“Expecting is the greatest impediment to living. In anticipation of tomorrow, it loses today.”
– Lucius Annaeus Seneca
Ten long months had passed since we had reserved a hotel room with a few excited clicks of a mouse. The formal opening of our Disneyland adventure was the morning of Friday, October 12, 2012, but as with almost all of our vacations, it had been long in anticipation. In this case, we began negotiating dates with our travel party the better part of a year before. October seemed a long ways off in the cold dark of January.
Dreary old Seneca thought that anticipating the future kept us from appreciating our present, but he never planned a trip to Disneyland – his travel opportunities included banishment to Corsica for sleeping with the emperor’s sister. In my experience, the gathering and staging phase can be every bit as engaging as the trip itself.
We are a family of planners and anticipators, and for our vacations I follow a regimen designed to drive myself into a frenzy of expectation. This includes: list-making, reminiscing sessions disguised as meetings with our traveling group, looking at maps, watching themed movies or television shows, listening to destination-appropriate music, pouring through old pictures from previous trips, and reading all of my favorite resources, whether books or websites*.
This all contributes to a great, overarching mental countdown that leaves us saying ridiculous things like: “Can you believe Disneyland is only 250 days away?” or “I wish we were sitting at Rancho del Zocalo RIGHT NOW.”
That may be what Seneca had in mind when he cautioned against living for the future rather than appreciating our present. But, he probably would have hated Disneyland, anyway, for its deliberate levity and spirit of entertainment. Nero, on the other hand, would have loved the Happiest Place on Earth, if he could have found time to visit with his busy schedule of burning family members and Christians, so make of that what you will.
We hoped to leave at 9:00 AM on the morning of Friday, October 12, and so, with car packed and us ready to leave, Amy dropped me off at work around 7:30 to finish a few things. She then drove off to do the same. The fact that we did not leave until close to 11:00 was not a promising start.
Our route was simple: southbound I-15 from Salt Lake City to the Greater Los Angeles Area, at which point we would have several options for arriving at our hotel near the resort. We zipped up the onramp and into the flow of traffic, and enjoyed the frisson of pleasure that accompanies the beginning of any long-anticipated vacation.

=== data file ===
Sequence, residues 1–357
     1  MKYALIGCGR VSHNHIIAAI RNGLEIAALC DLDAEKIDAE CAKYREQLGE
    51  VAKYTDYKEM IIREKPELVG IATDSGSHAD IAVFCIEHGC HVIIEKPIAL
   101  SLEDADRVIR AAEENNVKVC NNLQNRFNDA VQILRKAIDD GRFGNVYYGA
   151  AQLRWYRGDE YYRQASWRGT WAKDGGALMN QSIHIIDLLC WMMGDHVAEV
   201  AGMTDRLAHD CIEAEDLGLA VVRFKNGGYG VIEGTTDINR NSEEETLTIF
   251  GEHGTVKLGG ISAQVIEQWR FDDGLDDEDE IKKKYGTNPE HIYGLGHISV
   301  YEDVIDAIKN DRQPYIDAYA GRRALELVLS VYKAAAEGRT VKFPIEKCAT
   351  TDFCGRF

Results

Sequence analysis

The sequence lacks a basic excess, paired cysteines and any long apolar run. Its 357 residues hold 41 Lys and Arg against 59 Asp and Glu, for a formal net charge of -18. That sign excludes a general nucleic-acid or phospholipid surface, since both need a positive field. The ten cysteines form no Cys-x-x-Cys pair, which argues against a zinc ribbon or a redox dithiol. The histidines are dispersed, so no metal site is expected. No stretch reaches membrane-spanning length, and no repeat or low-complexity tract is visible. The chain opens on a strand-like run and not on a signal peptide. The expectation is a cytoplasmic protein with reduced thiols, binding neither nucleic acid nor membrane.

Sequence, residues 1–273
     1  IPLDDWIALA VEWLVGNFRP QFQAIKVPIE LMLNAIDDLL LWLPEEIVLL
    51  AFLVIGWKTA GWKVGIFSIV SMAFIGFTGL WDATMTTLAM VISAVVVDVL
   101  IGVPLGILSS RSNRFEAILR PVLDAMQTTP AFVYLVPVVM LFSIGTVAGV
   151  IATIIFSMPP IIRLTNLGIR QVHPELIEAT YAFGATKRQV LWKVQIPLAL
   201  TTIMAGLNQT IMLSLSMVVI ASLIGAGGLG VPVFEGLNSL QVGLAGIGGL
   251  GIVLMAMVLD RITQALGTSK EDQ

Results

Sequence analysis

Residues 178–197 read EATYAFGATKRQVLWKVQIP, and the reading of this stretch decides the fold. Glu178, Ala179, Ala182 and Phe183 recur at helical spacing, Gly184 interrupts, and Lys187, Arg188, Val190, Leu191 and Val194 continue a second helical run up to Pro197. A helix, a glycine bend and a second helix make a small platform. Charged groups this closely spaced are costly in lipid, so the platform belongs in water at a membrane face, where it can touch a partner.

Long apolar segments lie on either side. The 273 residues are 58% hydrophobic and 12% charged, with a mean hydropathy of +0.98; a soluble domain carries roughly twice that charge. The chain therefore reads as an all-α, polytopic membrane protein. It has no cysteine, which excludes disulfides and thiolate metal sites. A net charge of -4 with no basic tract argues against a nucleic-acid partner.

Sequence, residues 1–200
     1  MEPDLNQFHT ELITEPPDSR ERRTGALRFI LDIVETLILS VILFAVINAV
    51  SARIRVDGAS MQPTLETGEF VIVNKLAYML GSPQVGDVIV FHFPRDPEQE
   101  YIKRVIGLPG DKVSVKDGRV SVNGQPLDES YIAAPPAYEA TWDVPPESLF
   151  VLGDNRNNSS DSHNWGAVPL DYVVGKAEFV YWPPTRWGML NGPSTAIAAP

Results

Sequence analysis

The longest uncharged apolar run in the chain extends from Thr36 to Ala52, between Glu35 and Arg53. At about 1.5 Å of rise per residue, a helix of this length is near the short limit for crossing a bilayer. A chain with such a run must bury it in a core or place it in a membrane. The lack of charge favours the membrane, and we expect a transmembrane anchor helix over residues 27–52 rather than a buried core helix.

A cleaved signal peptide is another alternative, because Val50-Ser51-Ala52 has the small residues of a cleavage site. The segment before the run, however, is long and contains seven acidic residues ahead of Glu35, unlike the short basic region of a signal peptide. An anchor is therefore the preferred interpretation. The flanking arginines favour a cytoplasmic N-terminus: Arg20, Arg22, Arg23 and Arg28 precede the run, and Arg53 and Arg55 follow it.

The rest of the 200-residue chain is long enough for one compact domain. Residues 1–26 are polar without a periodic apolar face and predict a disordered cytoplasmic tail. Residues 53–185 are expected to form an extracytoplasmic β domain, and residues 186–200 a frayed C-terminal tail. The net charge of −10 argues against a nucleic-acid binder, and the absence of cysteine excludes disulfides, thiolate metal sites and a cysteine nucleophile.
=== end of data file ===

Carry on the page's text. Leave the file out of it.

To save on gasoline we decided to take Amy’s far more economical Subaru Outback instead of my large, comfortable SUV. The Subaru felt small and cramped when compared to the virtual living room I was accustomed to driving, and I kept forgetting to shift down when climbing hills. At one point I complained that it was like being jammed in a Mercury mission space capsule, and was pointedly ignored for several freeway miles by Amy, with good justification.
Although our car was transporting just the two of us, the overall vacation would be shared by several groups of family and friends, who would be arriving at various times over the next few days. In all, 25 people in 6 different traveling parties would make up our loose coalition of Disneyland explorers.
It was raining when we got on the freeway in Salt Lake City, which continued with only brief pauses for the first 300 miles of the trip. It was not a pleasant autumn sprinkle, either, but curtains of rain that made us deaf to anything else as it pounded against the windshield.
Our first stop was in Beaver, Utah, where we drove down the main drag until we found the Cache Valley Cheese Factory, and went in the attached store to stretch our legs. Aside from blocks of cheese and racks of cheese curds in refrigerated cases, the Cache Valley Cheese Factory has bathrooms, ice cream, sodas, candy, chips, and an odd selection of souvenirs, in case anyone wanted to bring back a reminder of the great time they spent in Beaver. In previous visits, the store sold bumper stickers and t-shirts that read “I Love Beaver,” which almost certainly garnered more stares and laughs than purchases, but I could not find them anywhere.